Saturday 24 March 2018

Time is running out for rebels in key battle for Aleppo

A member of the Free Syrian Army aims his weapon after hearing shooting in Aleppo yesterday.
A member of the Free Syrian Army aims his weapon after hearing shooting in Aleppo yesterday.

Damien McElroy in Aleppo province

FELLED by a sniper's bullet, one of many fired in the ever bloodier battle for Aleppo, Uday Dadan's corpse was lowered into the ground yesterday, saluted by his revolutionary comrades.

Before he became a warrior, celebrated among his peers for his courage, Dadan, aged just 22, was a law student at Aleppo University, one of the best in the country. But with his country in turmoil, Dadan, like many other young Syrian men, turned his back on education and picked up a gun.

Facing the might of the Assad army, his chances of survival were always slender.

Some who choose to fight in Syria's civil war are no doubt motivated by their adherence to radical Islam. More do so in horror at the brutality with which President Bashar al-Assad is prepared to defend a system that has subjected Syrians to grinding injustice for decades.

Uday Dadan belonged to the latter category. According to fellow fighters, he joined the Free Syrian Army's al-Mohammad Battalion less than three months ago because he was inspired by the uprising and repulsed by the repression meted out by Mr Assad's security forces to crush it.

Like so many embroiled in this revolution, Dadan's involvement also took on a personal dimension when his father disappeared from a street corner in Aleppo -- and into the hands of the president's feared internal security agents. He has not been seen or heard from since.

As the battle for Aleppo raged, Dadan found himself part of the team that improbably captured an army command post which orchestrated attacks on checkpoints in the city's rebel-held districts. It would prove to be his final involvement in the war. "We had taken it and Uday was guarding the gate when he was shot in the head," Faisaz Hamsha, Dadan's commander, said yesterday.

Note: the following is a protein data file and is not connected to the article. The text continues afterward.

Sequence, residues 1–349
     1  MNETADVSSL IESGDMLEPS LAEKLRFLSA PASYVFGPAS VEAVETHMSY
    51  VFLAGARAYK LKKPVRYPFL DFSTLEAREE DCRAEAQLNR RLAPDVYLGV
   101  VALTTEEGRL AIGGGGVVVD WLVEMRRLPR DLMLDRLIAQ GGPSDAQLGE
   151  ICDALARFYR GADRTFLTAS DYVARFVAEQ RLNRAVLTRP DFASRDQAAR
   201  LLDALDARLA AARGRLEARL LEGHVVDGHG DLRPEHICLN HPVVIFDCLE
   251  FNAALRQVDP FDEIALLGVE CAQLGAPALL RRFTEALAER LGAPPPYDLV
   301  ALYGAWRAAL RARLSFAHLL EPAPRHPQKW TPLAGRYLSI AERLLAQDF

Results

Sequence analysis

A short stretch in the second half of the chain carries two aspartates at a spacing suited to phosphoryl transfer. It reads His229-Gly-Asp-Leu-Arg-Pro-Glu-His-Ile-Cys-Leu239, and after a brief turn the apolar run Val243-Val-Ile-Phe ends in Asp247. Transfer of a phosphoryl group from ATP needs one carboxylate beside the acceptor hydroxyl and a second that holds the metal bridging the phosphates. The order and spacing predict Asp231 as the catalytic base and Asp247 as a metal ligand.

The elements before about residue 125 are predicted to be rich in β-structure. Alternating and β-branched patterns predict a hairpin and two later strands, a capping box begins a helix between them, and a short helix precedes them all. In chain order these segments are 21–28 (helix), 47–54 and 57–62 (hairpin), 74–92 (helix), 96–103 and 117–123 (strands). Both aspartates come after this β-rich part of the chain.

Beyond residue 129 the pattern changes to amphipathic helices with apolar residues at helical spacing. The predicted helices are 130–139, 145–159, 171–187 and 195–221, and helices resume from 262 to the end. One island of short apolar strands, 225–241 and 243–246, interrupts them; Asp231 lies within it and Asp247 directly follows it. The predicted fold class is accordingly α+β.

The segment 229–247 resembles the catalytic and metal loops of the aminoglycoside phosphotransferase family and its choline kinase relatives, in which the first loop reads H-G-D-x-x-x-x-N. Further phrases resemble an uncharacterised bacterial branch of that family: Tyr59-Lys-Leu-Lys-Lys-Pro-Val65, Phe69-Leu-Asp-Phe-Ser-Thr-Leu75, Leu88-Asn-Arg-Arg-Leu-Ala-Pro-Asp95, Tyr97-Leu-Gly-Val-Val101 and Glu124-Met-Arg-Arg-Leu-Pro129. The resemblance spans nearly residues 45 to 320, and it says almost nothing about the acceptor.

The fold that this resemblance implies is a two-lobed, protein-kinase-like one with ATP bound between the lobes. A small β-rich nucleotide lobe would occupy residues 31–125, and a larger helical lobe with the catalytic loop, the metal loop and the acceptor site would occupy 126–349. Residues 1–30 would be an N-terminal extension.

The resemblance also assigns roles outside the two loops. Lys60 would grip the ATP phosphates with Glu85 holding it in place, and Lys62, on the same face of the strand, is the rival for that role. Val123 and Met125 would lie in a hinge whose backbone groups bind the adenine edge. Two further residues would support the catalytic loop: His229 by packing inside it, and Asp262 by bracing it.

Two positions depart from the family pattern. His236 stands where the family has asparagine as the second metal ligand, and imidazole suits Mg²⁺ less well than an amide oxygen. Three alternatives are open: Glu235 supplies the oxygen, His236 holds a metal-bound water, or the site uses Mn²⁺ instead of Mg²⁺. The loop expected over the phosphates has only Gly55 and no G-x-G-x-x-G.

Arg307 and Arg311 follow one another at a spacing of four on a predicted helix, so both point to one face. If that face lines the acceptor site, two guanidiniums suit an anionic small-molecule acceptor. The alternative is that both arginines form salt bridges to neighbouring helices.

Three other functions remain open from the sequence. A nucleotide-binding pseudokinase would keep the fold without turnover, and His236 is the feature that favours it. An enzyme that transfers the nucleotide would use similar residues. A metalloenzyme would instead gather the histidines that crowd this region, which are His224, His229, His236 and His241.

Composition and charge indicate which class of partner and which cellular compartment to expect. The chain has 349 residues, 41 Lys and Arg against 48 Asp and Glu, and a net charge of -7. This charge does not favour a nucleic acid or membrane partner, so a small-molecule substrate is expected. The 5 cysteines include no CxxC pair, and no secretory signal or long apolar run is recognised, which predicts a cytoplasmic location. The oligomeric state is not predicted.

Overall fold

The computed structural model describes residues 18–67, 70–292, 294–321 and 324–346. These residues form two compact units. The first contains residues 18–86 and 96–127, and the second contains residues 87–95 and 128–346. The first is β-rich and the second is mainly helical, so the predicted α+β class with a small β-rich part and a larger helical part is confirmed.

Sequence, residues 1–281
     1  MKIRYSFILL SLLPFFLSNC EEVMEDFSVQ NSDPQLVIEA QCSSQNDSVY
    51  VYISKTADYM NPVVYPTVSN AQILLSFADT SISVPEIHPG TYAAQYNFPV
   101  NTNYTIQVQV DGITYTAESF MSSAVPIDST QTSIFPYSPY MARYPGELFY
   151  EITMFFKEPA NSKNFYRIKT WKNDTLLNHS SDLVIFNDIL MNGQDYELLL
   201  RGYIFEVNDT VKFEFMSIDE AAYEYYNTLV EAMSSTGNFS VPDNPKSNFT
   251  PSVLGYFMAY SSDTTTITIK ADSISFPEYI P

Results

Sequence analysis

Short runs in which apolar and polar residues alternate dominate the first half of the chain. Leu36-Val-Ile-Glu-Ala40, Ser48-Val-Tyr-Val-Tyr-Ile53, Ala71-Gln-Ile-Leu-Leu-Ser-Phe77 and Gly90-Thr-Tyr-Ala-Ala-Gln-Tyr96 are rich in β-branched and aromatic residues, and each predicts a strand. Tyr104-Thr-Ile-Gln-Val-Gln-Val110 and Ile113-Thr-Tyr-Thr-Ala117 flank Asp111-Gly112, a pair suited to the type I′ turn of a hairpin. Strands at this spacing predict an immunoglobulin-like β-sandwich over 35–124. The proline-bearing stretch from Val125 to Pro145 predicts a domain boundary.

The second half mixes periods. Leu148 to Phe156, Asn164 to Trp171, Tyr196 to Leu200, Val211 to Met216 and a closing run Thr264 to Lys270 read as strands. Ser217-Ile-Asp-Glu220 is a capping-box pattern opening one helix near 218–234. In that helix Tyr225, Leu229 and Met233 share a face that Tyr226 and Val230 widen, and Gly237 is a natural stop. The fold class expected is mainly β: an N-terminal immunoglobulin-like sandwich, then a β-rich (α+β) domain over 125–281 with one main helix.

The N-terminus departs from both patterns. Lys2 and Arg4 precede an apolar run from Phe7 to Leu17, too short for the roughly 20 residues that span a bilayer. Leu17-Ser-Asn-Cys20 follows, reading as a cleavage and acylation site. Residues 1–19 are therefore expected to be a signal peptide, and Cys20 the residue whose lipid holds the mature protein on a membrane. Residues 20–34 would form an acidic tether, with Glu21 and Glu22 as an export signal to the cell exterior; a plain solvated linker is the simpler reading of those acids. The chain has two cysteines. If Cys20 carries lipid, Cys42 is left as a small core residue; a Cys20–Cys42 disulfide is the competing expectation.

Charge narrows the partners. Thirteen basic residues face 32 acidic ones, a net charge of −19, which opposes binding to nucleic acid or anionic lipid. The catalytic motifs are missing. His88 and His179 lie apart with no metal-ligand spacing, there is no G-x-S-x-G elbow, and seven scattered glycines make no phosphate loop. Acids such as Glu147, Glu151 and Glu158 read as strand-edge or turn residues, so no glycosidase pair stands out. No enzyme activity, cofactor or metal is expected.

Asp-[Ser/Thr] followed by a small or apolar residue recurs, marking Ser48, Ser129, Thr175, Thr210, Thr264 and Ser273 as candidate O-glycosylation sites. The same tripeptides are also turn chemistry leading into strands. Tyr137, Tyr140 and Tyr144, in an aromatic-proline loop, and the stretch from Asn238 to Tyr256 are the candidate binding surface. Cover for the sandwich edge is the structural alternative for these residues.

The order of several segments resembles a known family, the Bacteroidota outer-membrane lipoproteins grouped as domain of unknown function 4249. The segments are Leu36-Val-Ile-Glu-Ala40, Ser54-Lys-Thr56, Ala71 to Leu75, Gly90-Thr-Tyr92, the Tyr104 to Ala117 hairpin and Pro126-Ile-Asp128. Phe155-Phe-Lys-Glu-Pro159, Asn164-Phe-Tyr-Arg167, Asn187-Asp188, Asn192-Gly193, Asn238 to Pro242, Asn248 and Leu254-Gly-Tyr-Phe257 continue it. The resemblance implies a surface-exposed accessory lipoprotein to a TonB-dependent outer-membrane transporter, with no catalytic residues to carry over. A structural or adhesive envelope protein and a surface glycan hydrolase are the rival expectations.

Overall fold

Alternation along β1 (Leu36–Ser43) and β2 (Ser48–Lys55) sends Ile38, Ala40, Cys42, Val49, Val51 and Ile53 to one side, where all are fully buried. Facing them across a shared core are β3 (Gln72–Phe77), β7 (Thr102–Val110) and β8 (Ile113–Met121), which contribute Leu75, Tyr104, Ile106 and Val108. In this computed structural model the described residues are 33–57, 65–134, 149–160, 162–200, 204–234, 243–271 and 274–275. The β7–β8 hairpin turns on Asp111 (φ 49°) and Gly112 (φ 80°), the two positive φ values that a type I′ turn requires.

Dadan might have survived; he lived long enough to be transported to a rebel field hospital in the town of Suran, 20 miles north of the city. That he did not testifies to the fact that the rebels' medical supplies are as inferior as their battlefield weapons.

"We could do nothing to save him. I am a dentist and not trained in this kind of special surgery," said Alwa Hajjab, the only medical officer at the facility. "There are no ambulances and he had lost consciousness on the way."


Dadan was one of at least 23 opposition fighters that have died since the government counter-offensive in Aleppo began last week, and his story is a familiar one. Syria's rebel ranks may be spearheaded by defecting army soldiers, but their numbers have been swelled by many youngsters.

Arrayed against them stands Mr Assad's army, weakened by defections but still vastly superior in firepower and numbers. For all the government's bravado, rebel actions, often involving untrained young men like Uday Dadan, have proved audacious and frequently effective.

However, with so little firepower, they can only hold out against the government's forces for so long.

Yesterday, as in the week leading up to it, regime forces fired tank shells and artillery at rebel strongholds in Aleppo, escalating a ground assault to wrest back control of Syria's second city and commercial capital. The regime strategy for now appears to be to soften the rebel positions with artillery before moving into the densely packed streets where their tanks can be at a disadvantage.

Having claimed victory over a rebel offensive in Damascus, the Syrian government last night predicted a decisive victory in the city, one that Mr Assad's ministers said could end the 16-month uprising altogether. The UN said 200,000 had fled Aleppo in two days.

"We believe that all the anti-Syrian forces have gathered in Aleppo to fight the government and they will definitely be defeated," Walid al-Muallem, the Syrian foreign minister, told reporters in Tehran during a surprise visit.

On the ground, the rebels were still hoping to forge a lifeline between the districts they hold in the north-east and south-west of the city. Such an outcome would undoubtedly increase their chances of capturing Aleppo, but the rebels have not managed to gain unquestioned control of a single big city yet and, to do so in Aleppo, they will need significantly more firepower. (©The Daily Telegraph)

Irish Independent

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